Block Table

The Block Table is stored in an XML file which is often called the plist file, because it uses the format often used on the Macintosh for the preference lists. It is also called 'resource-fork' file because this string is present in the file.
One should note that a XML data segment in a data file should not be called a resource fork, but this is the way it is. Let's go further.
The Block Table contains several data runs, generally four, but I already observed a disk image with a single meaningful data run and a second empty one. Those data runs are stored between <data> and </data> tags. In the case of a disk image from a Macintosh disk or folder, we have generally four data runs, also called partitions in the XML file.

The first so-called partition contains the sector 0 of the disk. The Partition Table contains the sector 1 and so on, up to the volume header block. The Apple_HFS partition contains the useful contents of the image. The Apple_Free Partition contains the few last free sectors of the disk image.
Those data runs are stored in the XML file as base64 coded sequences. For more information on the base64 coding scheme, see for instance the Wikipedia page.
After decoding, those data runs appear as a header block of 204 bytes, beginning with the 'mish' signature, followed by blocks of 40 bytes, one for each compressed data segment in the Data part of the image. The structure of this bloc is following:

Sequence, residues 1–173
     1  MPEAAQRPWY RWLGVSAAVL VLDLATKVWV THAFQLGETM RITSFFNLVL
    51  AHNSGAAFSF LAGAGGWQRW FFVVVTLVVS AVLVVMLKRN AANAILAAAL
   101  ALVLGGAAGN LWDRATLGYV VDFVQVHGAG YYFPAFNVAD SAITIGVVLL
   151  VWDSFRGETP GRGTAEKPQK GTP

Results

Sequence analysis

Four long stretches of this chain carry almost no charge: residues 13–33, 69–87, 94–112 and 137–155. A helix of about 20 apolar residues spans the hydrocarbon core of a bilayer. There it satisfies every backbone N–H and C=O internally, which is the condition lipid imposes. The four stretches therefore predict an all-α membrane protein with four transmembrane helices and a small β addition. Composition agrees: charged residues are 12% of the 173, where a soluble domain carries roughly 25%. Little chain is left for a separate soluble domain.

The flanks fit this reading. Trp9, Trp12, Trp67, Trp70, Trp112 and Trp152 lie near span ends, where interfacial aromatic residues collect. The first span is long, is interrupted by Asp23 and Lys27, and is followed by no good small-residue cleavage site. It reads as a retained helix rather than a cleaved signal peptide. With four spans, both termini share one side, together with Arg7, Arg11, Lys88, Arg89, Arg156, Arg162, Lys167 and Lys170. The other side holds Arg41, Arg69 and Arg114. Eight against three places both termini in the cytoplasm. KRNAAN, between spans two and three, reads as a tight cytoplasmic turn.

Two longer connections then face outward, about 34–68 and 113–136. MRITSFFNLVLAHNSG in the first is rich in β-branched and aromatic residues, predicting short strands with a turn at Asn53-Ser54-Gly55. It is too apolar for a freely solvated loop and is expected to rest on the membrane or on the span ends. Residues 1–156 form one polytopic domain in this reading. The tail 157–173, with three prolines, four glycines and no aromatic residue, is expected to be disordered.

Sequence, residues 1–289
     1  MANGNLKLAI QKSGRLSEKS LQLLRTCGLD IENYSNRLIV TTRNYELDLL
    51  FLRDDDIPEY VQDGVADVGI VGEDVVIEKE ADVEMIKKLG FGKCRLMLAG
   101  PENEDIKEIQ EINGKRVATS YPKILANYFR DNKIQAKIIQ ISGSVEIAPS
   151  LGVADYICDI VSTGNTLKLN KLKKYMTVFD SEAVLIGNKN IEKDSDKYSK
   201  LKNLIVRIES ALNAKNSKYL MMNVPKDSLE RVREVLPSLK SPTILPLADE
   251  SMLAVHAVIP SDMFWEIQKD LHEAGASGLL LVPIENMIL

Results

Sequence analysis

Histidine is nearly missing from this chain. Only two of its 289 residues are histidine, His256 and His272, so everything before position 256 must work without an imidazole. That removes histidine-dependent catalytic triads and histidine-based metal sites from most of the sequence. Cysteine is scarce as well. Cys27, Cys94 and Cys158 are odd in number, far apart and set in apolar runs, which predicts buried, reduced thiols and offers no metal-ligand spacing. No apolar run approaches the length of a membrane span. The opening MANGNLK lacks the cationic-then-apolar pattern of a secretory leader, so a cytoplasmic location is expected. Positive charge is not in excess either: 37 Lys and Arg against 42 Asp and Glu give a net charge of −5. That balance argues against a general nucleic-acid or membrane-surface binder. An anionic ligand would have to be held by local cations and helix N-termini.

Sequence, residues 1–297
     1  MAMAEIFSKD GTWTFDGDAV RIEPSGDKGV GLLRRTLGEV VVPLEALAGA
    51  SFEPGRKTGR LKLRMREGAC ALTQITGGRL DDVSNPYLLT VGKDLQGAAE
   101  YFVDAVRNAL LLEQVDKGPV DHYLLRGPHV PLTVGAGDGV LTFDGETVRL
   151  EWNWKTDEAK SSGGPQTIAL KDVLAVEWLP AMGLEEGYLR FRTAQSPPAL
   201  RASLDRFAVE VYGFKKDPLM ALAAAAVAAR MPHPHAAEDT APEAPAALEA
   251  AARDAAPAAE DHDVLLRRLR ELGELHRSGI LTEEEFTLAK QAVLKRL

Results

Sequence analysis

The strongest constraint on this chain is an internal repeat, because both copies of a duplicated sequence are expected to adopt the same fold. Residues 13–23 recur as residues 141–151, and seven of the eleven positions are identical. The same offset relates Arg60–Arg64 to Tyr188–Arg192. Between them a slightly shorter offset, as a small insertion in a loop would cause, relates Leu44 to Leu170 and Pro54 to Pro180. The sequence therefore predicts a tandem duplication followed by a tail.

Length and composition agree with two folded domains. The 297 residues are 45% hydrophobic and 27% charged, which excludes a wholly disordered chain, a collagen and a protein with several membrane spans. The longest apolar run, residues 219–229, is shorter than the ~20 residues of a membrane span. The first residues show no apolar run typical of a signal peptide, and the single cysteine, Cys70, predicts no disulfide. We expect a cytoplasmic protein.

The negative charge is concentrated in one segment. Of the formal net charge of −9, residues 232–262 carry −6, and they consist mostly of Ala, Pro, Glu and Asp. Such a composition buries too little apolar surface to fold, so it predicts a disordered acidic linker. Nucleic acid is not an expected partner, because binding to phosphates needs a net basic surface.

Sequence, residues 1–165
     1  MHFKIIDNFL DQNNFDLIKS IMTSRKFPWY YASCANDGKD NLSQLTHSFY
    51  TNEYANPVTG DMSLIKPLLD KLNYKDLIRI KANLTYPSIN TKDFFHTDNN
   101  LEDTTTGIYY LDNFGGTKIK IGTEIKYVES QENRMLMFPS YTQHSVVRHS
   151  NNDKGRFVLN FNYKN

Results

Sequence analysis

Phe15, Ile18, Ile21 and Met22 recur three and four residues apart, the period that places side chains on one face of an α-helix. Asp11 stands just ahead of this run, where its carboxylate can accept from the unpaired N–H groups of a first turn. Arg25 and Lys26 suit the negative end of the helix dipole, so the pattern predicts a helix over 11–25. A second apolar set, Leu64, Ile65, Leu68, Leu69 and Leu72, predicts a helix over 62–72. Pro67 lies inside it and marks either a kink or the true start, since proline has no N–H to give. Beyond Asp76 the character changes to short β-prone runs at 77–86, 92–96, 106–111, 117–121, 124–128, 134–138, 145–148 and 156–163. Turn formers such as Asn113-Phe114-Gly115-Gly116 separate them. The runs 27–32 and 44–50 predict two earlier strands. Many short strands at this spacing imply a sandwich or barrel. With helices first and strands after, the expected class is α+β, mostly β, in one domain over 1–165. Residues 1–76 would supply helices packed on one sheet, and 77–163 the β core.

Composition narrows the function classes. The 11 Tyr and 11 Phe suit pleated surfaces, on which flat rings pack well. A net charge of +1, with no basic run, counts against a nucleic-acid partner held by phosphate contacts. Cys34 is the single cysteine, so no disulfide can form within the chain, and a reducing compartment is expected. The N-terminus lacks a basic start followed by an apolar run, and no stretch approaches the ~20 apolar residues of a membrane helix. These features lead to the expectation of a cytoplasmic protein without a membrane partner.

This block allows to manage the data segments. The block types identified so far are following:

Information Sources

To gather, analyze and pinpoint the informations given above, we spent mainly time looking at real images produced by Disk utility and hdiutil. This allowed us to identify rather rapidly the Zlib and Bzlib compression schemes and to find libraries which implement those schemes, namely Zlib.net, library written by Jean-Loup Gailly and Mark Adler, and Bzlib.org, library written by Julian Seward. I want to thank them warmly for their work and all informations given in their code.
Several welcome confirmations and some precisions were found in the libraries dmg2iso and dmg2img, diffused on the site vultur.eu.org and written by Vu1tur and Jean-Pierre Demailly.
The hardest and longest part was the decoding of the ADC compression scheme. It seems that there is no official documentation available on the Web. Nevertheless, I could get working code written in a couple of days.

ADC Compression Scheme

The ADC (Apple Data Compression) scheme relies on both run length coding and pointing to data in a sliding dictionary. The best way to explain the scheme is to express it as pseudo-code:

Read a byte.
If bit 7 is set, this is a data run, whose length is the rest of the bits, plus one.
Copy to the target buffer.
If bit 6 is set, this is a three-byte code.
Strip the bit 6 and add 4 to get the length. The following two bytes code the offset of the data to be used. This offset is computed backwards from the target pointer. Put a offset pointer to this address. If the difference between the offset pointer and the target pointer is large enough to hold the data length, just do a plain copy from the offset pointer to the target pointer. If not, use memset or the like to copy n times a single byte at the target pointer.
If none is set, this is a two-byte code.
The length is coded in bits 2345 and the offset is coded in bits 01 of the first byte and in the other byte. Add 3 to the length (that is, 0000 codes 3, 0001 4, and so on). Like in the three-byte codes, depending on the difference between the offset pointer and the target pointer, use memcpy or memset.
As long as there is still data to decode.

Which Tools to Manage Such Files on a PC?

Our MacImage utility can manage such image files (decompress them, display their content to copy some files, etc.).